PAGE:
Dec 18, 2019 rated it it was amazing
Fantastic introduction to systematic theology. Many of the loci are laid out quite well and give an adequate lay of the land. Particularly helpful are Berkhof's interactions with Roman Catholicism and theological liberalism.
Philip Brown
Dec 29, 2019 rated it it was amazing  ·  review of another edition
A classic. Obviously it's a little dated in places given that it was originally published in the year WWII began. In saying that though, it is remarkable how much he does speak to contemporary issues facing Christian evangelical and reformed theology today. Best work of Systematics I've read thus far (on par with AA Hodge's Outlines of Theology). Highly recommended.
Chad Warner
Feb 22, 2017 rated it really liked it  ·  review of another edition
Recommends it for: Christians, Reformed, Calvinists
A thorough and articulate systematic theology in the Reformed (Calvinistic) tradition. Berkhof provides ample scriptural support for the Reformed positions. It briefly presents alternative views and identifies their strengths (if any) and weaknesses, and evaluates them based on the Bible. The book is logically organized.

I was especially interested in these topics: image of God, covenant of works, dispensations of covenant of grace in OT, common grace, and eschatology.

I read the free ebook from
Brett Mclaughlin
Oct 19, 2010 rated it it was amazing  ·  review of another edition
Shelves: theology
There's a sense in which reviewing Berkhof is silly. For those who know his name, you need no review. For those that don't, you may simply not be in the Reformed circles of which he is so foundational. Still, for the rare Christian who loves Grudem's Systematic Theology but has never heard of Berkhof (or Bavinck), you owe it to yourself to purchase this work.

First, Berkhof's Systematic Theology is manageable in size. Still a massive tome, this is nothing compared to Calvin's Institutes or
G Walker
Oct 16, 2012 rated it it was ok
I understand that this is a classic text... and I have read it (studied, outline and re-read it on several occasions). Fairly standard mainline reformed theology here... lots of quotes and references to other theologians, that is, he defends his position(s) mostly by footnote, or by telling you that "this' is right or wrong because "so and so" agrees with him. For example, his defense of the covenant of works is absolutely worthless in that there really isn't any exegetical defense, just a ...more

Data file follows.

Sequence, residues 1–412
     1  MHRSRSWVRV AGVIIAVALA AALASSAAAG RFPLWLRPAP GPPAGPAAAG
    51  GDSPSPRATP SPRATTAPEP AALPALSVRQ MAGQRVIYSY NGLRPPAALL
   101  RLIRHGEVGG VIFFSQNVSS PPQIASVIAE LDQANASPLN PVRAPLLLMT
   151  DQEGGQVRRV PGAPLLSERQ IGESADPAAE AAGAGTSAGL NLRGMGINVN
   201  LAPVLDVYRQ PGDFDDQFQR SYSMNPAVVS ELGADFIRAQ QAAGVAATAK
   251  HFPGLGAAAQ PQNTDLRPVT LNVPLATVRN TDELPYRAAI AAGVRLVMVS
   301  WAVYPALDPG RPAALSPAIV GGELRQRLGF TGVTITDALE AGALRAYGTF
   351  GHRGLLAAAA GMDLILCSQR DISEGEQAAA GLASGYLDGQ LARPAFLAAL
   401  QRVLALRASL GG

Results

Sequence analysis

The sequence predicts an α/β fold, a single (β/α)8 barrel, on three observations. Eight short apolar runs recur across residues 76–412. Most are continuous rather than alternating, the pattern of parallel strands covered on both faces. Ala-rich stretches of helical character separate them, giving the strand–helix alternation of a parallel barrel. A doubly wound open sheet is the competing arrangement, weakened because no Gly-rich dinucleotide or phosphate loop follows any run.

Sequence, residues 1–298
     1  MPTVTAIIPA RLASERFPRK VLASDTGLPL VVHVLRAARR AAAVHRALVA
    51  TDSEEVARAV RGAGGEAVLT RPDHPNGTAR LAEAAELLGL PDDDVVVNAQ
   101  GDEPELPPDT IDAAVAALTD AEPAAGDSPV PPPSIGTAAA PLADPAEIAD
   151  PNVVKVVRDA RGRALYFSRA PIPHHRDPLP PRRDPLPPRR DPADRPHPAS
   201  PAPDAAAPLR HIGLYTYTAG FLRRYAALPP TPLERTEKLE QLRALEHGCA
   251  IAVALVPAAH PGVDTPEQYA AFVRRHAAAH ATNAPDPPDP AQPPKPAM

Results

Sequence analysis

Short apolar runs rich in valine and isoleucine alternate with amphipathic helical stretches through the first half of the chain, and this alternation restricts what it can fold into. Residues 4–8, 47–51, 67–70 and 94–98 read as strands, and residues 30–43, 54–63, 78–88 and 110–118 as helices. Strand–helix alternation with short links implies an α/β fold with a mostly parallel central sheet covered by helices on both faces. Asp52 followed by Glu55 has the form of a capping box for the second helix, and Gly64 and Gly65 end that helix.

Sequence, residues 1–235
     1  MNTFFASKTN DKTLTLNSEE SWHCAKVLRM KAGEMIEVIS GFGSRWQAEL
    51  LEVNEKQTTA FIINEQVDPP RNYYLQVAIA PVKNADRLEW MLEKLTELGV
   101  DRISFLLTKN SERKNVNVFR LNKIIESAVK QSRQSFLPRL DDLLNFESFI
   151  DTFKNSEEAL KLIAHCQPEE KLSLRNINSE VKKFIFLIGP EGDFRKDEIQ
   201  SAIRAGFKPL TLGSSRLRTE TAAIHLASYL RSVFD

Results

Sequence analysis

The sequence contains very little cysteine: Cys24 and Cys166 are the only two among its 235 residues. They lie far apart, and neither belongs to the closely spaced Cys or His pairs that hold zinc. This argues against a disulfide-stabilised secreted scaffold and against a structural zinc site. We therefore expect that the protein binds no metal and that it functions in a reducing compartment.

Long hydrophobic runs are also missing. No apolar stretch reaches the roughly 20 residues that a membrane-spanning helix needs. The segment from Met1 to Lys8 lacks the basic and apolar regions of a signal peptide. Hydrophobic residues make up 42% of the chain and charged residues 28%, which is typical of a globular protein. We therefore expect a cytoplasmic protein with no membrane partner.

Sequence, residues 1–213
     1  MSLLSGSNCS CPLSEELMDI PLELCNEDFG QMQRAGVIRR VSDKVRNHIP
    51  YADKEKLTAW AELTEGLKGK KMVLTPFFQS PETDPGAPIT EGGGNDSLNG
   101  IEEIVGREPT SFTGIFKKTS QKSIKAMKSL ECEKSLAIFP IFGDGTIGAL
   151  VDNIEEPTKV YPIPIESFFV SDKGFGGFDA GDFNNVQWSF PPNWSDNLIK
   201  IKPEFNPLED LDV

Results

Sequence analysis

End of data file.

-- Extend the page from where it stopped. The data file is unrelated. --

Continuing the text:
Michael Jones
Jan 25, 2012 rated it liked it
Shelves: theology-history
This was great in it's day and context. Pretty dry. Really good for 20th century reformed understanding. But as I read more Biblical Horizons and Hebrew OT, if find myself more inspired by Calvin--his stuff has is less philosophical and ivory towered. More passionate and connected to real practical battles.
Jack Kooyman
This was a textbook for systematic theology classes that I took both at Denver Seminary (Conservative Baptist) and Calvin Theological Seminary. As far as systematic theology textbooks go, this is probably one of the best and more substantial of those used in evangelical colleges and seminaries in the U.S.
Sep 06, 2012 rated it it was amazing
Every paragraph is worth it.....Make this a part of your daily devotions! You can read through it in a year by just 3 pages a day!
Chase Steely
Apr 05, 2014 rated it really liked it
It took me 8 months to read, but I finally finished.
Cray Allred
Jul 04, 2009 rated it it was amazing
Haven't actually read it cover to cover, but it is a regular aide in my teaching prep. Pretty darn good.
Apr 16, 2019 rated it it was amazing
I laughed. I cried. It moved me.

Ha! That's what you want me to say, you Reformed theologians. No, this book did not move me! I refuse to heed to your scholastic enticements. No, no, a thousand times no!

So this is book is not really a page-turner, but neither is it a work of original theology. It's too long (833 pages) to be attractive to the average layman, but it's too short and derivative to be read by the serious theologian. It's LONG but feels at many times as though it's perfunctory, and
Nathan Parker
Mar 05, 2019 rated it really liked it
Berkhof presents readers with a solid Systematic Theology from a Reformed perspective. Part One covers the doctrine of God, the being of God, and the works of God. Berkhof covers God’s existence (through Scripture and extra Scriptural proofs), God’s knowability versus His incomprehensibility, and the relation of His being to His attributes. Berkhof continues with a discussion on the names of God, as well as an extended treatment of the attributes of God. He also discusses the Trinity both as a ...more